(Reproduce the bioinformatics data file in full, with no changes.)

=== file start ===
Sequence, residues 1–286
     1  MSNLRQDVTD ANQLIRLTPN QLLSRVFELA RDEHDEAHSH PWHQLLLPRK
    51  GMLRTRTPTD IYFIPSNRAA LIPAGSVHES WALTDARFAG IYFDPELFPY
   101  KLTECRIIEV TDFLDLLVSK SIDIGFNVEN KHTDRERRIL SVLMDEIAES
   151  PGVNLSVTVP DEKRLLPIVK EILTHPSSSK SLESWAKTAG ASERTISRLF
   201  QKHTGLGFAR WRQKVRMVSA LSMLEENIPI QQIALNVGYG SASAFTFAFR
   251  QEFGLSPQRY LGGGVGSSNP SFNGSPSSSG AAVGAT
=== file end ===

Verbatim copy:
Sequence, residues 1–286
     1  MSNLRQDVTD ANQLIRLTPN QLLSRVFELA RDEHDEAHSH PWHQLLLPRK
    51  GMLRTRTPTD IYFIPSNRAA LIPAGSVHES WALTDARFAG IYFDPELFPY
   101  KLTECRIIEV TDFLDLLVSK SIDIGFNVEN KHTDRERRIL SVLMDEIAES
   151  PGVNLSVTVP DEKRLLPIVK EILTHPSSSK SLESWAKTAG ASERTISRLF
   201  QKHTGLGFAR WRQKVRMVSA LSMLEENIPI QQIALNVGYG SASAFTFAFR
   251  QEFGLSPQRY LGGGVGSSNP SFNGSPSSSG AAVGAT